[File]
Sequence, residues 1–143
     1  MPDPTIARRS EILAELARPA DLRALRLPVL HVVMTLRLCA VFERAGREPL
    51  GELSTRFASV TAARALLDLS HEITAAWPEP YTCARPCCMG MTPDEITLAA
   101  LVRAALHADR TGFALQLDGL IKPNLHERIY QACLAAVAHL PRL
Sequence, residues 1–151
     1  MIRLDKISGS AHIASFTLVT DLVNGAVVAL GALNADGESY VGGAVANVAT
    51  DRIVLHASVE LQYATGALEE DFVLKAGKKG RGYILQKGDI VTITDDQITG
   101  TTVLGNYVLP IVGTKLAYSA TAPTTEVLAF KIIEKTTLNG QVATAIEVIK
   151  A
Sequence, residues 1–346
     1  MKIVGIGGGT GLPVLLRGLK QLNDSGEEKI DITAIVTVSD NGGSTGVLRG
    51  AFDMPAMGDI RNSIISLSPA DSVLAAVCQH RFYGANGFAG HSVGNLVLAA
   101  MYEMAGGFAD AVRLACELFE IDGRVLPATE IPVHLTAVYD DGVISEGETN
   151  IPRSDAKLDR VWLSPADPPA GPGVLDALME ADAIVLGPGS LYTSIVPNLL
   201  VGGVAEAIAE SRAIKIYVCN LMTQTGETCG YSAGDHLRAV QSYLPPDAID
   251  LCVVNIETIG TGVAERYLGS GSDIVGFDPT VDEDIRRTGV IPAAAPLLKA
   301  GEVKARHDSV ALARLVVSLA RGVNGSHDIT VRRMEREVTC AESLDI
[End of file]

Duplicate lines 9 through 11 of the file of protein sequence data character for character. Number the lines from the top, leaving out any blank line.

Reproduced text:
   151  A
Sequence, residues 1–346
     1  MKIVGIGGGT GLPVLLRGLK QLNDSGEEKI DITAIVTVSD NGGSTGVLRG